Both of our patients showed clinical improvement at doses only a few milligrams below those doses at which they began to experience annoying side effects. To account for this, we propose that there may exist a linkage between side effects and therapeutic effects in panic disorder such that, as the dose of an antidepressant is titrated upward, therapeutic effects often occur at, or just below, the threshold at which side effects begin to appear. Here, we refer to side effects such as agitation or sedation that tend to occur early in treatment and can be removed quickly by dosage reduction. Dosing venlafaxine in accordance with this hypothesis requires repeated titrations targeting the individual’s evolving side effect threshold, keeping side effects to minimal or nonexistent levels throughout the course of treatment, and largely ignoring the notion of a "minimum effective dose." Our approach is consistent with guidelines that recommend starting treatment at low doses and titrating according to the patient’s tolerance1-3 but at odds with recommendations encouraging patients to persevere in the face of side effects12 in order to ascend to the "therapeutic range."3 The present hypothesis is analogous to the neuroleptic threshold hypothesis, which holds that neuroleptic doses at the side effect threshold afford the schizophrenic patient maximum antipsychotic benefit with the least possible unwanted side effects.13

Our patients improved quickly, both within less than 2 weeks of starting venlafaxine. Taken together with Geracioti’s 11 observation of an almost immediate remission of panic symptoms in several patients started on low doses of venlafaxine, these observations raise the possibility that a low-dose approach, by minimizing interference from adverse reactions, may sometimes facilitate rapid improvements.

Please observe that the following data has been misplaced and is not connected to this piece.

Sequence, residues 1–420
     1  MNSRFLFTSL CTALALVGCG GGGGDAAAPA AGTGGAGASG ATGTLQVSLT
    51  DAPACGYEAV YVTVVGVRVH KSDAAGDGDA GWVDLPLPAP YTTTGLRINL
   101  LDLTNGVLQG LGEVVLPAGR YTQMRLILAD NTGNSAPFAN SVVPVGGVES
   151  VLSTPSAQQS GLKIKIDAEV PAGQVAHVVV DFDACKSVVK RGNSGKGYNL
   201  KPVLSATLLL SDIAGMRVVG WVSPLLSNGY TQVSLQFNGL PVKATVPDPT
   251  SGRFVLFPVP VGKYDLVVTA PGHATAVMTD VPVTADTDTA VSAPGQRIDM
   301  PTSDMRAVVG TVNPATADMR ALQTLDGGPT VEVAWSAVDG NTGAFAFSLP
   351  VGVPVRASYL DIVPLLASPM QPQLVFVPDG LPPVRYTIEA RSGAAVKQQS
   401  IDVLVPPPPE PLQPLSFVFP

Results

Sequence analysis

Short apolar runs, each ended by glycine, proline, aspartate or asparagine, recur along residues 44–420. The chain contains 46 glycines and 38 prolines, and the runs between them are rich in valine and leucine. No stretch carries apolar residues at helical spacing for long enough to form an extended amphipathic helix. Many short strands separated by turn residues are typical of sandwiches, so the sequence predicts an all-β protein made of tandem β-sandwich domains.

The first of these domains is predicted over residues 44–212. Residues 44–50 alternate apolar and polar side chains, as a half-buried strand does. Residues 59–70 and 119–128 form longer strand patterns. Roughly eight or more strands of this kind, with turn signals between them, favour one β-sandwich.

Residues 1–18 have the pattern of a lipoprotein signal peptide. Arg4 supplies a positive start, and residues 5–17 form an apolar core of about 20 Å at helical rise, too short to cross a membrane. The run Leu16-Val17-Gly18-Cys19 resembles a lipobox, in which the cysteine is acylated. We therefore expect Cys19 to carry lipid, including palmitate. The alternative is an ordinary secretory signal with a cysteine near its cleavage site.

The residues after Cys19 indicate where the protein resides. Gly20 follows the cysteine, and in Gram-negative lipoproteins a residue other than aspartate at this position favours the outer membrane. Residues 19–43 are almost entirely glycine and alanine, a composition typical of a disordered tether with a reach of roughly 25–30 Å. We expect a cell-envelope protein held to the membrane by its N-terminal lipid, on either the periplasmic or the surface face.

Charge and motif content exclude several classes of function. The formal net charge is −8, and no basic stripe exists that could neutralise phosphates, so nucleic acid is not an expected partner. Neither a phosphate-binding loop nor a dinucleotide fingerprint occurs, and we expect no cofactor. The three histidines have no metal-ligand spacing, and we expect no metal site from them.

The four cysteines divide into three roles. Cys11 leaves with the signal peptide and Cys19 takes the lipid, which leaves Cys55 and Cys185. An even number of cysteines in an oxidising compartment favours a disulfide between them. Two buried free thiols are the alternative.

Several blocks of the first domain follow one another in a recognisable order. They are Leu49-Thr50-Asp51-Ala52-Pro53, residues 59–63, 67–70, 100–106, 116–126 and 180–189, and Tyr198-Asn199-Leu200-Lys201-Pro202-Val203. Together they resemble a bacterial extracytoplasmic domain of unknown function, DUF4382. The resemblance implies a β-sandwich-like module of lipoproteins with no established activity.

Controlled trials comparing threshold doses to more standard doses are needed to provide a fuller understanding of the dose response relationship of venlafaxine in panic disorder.

References

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9. Pollack MH, Lepola U, Koponen H, et al. A double-blind study of the efficacy of venlafaxine extended-release, paroxetine, and placebo in the treatment of panic disorder. Depress Anxiety. 2007;24(1):1-14. PubMed doi:10.1002/da.20218

10. Papp LA, Sinha SS, Martinez JM, et al. Low-dose venlafaxine treatment in panic disorder. Psychopharmacol Bull. 1998;34(2):207-209. PubMed

11. Geracioti TD. Venlafaxine treatment of panic disorder: a case series. J Clin Psychiatry. 1995;56(9):408-410. PubMed

12. Howland RH. Managing common side effects of SSRIs. J Psychosoc Nurs Ment Health Serv. 2007;45(2):15-18.

13. McEvoy JP, Hogarty GE, Steingard S. Optimal dose of neuroleptic in acute schizophrenia. Arch Gen Psychiatry. 1991;48(8):739-745. PubMed

Herbert Orenstein, MD

herbertorenstein@hotmail.com

Murray A. Raskind, MD

murray.raskind@va.gov

Author affiliations: Department of Psychiatry and Behavioral Sciences, University of Washington School of Medicine (both authors); and VA Northwest Network, Mental Illness Research, Education and Clinical Center (Dr Raskind), Seattle, Washington. Financial disclosure: None reported. Funding/support: None reported.

J Clin Psychiatry 2010;71(1):89-91